# Question #15796

Mar 8, 2016

Equivalent weight is used for volumetric quantitative analysis, whereas molecular weight can be used for everything else (including volumetric quantitative analysis).

#### Explanation:

In volumetric analysis - or titrimetry - you use a burette to dispense a solution into a flask which contains the solution you want to analyse (90% of the time, sometimes it can go the other way though), it usually goes like one of two ways:

• You know the concentration of what's in the burette, the volume of what's in the flask and want to know the concentration of what's in the flask.

• You know the concentration and volume of what's in the flask and want to know the concentration of what's in the burette.

Either way, they're solved by the following equation:

${C}_{b u r} {V}_{b u r} = {C}_{f l a s k} {V}_{f l a s k}$

With the volume of the burette being the variable you'll discover experimentally (the right volume is discovered either with help of an indicator - something that will change the color or aspect of the solution after the end point of the reaction - or will be discovered later with aid of something like a voltimeter or condutimeter)

The problem is that that equation I just told you only works if the reaction between whatever is on the burette and what's on the flask is $1 : 1$, if it isn't you must multiply the sides by the appropriate molar ratios, so, to avoid the confusion and problem that generates, we use equivalent weight and concentration instead, because when we're dealing with concentrations in $e q g \cdot {L}^{-} 1$ the ratio is always $1 : 1$ as the ratio is already surreptiously built into the concentration.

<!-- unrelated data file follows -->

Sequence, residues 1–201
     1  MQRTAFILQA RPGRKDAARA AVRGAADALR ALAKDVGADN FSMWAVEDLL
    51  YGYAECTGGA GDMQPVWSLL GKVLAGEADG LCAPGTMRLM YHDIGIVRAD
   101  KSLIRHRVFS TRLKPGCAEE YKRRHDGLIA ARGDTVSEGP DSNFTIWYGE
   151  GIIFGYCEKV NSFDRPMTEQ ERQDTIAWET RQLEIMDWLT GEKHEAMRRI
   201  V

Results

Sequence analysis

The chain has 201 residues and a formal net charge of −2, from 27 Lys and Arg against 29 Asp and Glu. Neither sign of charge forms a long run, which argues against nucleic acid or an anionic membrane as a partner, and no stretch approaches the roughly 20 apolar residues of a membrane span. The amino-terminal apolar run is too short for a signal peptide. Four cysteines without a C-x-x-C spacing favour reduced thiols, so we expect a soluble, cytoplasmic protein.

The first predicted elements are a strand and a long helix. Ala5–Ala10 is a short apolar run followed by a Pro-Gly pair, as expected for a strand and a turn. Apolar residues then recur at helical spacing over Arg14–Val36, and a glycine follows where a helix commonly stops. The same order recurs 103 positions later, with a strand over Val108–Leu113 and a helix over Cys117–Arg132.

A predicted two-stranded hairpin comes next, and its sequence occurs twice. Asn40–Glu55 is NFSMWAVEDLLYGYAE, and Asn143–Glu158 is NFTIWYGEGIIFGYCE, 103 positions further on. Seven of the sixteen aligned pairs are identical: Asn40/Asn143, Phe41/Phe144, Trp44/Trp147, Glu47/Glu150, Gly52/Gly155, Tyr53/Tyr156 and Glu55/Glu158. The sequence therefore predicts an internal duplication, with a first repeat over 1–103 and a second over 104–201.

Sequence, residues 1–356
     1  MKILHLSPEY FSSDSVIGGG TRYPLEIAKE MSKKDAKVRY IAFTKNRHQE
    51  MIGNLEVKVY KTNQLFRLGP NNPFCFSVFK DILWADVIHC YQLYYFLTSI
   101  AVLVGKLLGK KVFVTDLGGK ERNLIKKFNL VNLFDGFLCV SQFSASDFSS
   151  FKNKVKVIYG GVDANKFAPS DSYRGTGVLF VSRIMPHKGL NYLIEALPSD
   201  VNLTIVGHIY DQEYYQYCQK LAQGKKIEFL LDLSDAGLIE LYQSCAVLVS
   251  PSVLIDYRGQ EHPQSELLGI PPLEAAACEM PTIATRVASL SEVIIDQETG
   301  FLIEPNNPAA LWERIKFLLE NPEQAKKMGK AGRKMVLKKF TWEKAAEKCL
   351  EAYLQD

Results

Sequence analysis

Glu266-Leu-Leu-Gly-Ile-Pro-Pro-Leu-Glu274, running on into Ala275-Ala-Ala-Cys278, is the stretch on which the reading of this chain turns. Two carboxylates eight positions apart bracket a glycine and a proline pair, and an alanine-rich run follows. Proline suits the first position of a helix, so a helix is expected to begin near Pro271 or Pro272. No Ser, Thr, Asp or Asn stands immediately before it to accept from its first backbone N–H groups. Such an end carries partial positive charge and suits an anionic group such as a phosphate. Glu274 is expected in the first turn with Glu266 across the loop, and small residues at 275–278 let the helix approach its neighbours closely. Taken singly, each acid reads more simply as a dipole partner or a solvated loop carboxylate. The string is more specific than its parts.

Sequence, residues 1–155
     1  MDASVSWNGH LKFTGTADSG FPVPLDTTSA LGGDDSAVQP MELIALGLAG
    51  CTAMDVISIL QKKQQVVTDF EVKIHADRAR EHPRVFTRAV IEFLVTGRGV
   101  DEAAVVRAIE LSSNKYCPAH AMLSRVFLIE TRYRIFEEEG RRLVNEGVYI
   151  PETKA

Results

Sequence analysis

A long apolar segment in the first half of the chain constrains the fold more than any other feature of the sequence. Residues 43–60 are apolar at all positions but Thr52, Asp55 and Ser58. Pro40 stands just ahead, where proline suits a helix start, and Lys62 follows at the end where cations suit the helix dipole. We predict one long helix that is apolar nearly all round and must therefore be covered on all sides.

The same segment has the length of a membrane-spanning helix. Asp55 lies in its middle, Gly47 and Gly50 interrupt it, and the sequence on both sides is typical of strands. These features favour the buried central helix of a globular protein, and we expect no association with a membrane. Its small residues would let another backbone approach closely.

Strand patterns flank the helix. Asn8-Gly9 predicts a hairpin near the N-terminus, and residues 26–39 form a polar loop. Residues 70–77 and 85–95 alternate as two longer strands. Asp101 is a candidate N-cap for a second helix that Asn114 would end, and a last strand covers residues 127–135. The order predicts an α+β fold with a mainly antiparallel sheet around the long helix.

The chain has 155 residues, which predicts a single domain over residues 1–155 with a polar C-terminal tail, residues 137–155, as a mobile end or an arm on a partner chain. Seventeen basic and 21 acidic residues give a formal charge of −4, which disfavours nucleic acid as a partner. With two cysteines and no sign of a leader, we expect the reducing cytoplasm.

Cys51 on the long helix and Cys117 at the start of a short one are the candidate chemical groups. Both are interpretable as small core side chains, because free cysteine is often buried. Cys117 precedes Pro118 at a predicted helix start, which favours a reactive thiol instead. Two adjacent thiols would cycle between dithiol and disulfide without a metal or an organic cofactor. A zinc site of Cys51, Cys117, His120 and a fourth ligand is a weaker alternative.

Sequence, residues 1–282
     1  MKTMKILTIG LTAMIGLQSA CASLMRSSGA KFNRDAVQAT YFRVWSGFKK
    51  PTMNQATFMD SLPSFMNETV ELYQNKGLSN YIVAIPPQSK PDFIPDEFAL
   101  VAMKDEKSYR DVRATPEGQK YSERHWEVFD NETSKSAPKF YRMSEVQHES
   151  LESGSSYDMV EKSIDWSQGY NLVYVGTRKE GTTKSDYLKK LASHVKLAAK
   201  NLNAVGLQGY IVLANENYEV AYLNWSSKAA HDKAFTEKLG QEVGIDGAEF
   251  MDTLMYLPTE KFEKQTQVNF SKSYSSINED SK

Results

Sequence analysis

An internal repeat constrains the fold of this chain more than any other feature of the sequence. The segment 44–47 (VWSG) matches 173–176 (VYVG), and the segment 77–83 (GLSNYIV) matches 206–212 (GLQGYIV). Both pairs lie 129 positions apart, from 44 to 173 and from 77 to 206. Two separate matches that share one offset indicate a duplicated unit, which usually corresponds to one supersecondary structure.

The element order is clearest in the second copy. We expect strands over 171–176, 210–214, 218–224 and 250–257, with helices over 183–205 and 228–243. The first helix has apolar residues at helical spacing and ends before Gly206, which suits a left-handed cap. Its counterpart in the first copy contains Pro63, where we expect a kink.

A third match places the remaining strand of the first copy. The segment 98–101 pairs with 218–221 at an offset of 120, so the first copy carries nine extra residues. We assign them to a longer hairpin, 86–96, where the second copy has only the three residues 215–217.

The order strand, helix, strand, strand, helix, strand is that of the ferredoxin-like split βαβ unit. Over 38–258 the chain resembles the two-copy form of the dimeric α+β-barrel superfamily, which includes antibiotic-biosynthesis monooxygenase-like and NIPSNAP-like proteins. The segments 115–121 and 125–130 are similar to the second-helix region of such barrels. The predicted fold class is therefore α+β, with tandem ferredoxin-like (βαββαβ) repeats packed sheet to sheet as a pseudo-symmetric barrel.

And when we're working with things like redox reactions, which can get pretty wild with the ratios, equivalent concentrations can really help you.

As a general rule of thumb, the conversion between equivalent weight and molecular weight are:

• $\frac{M M}{n . {H}^{+}}$ (molecular mass over number of reacting protons) for an acid, so for example $H C l$'s molecular weight is the same as its equivalent weight but that of ${H}_{2} S {O}_{4}$ or ${H}_{3} P {O}_{4}$ can be the same or not, depending on how many protons you're titrating.

• $\frac{M M}{n . O {H}^{-}}$ (molecular mass over number of reacting hydroxyls) for a base, so for example $N a O H$ or $N {H}_{3}$'s molecular weight is the same as its equivalent weight but that of $F e {\left(O H\right)}_{3}$ isn't.

• $\frac{M M}{n . {e}^{-}}$ (molecular mass over number of electrons the species donate or receive) for redox reactions, so $F {e}^{+ 2}$ which only needs to donate one electron to go to $F {e}^{+ 3}$ has the same molecular weight as equivalent weight but $M n {O}_{4}^{-}$ that receives 5 to get to $M {n}^{+ 2}$ doesn't.

• $\frac{M M}{n . b o n \mathrm{ds}}$ (molecular mass over number of bonds) for complexation reactions, where the metal always has the same molecular weight as equivalent weight. Since we usually use $E D T A$ for those kind of titrations, which always bond $1 : 1$ with the metals it bonds, there's no real need to use equivalent weight here.

• $\frac{M M}{| c h a r \setminus g \setminus e |}$ (molecular mass over absolute value of charge) for salts (that are undergoing a precipitation reaction). We usually prefer $1 : 1$ ratios with these as well as too differing molar ratios can make the analysis faulty.

In instrumental analysis, except those that are, at core, volumetric analysis, there's either no need or no way to use equivalent concentration, with units like ppm $\left(m g \cdot {L}^{- 1}\right)$ or molar $\left(m o l \cdot {L}^{-} 1\right)$ being either favored or required.